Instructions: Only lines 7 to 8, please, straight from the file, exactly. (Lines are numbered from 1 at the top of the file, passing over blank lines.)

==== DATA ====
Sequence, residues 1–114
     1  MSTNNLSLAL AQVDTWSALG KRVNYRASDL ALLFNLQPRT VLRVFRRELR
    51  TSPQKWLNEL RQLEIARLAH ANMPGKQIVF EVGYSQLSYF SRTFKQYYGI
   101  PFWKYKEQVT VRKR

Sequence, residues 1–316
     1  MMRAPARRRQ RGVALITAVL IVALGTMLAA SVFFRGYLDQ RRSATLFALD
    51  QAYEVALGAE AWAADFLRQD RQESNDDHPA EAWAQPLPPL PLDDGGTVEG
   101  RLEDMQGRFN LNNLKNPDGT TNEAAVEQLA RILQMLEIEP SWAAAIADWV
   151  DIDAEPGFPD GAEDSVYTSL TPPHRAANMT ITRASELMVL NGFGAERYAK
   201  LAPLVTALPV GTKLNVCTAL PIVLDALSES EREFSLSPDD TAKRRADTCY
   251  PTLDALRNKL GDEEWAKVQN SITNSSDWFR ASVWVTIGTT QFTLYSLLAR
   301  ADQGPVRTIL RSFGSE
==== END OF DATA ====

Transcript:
    51  QAYEVALGAE AWAADFLRQD RQESNDDHPA EAWAQPLPPL PLDDGGTVEG
   101  RLEDMQGRFN LNNLKNPDGT TNEAAVEQLA RILQMLEIEP SWAAAIADWV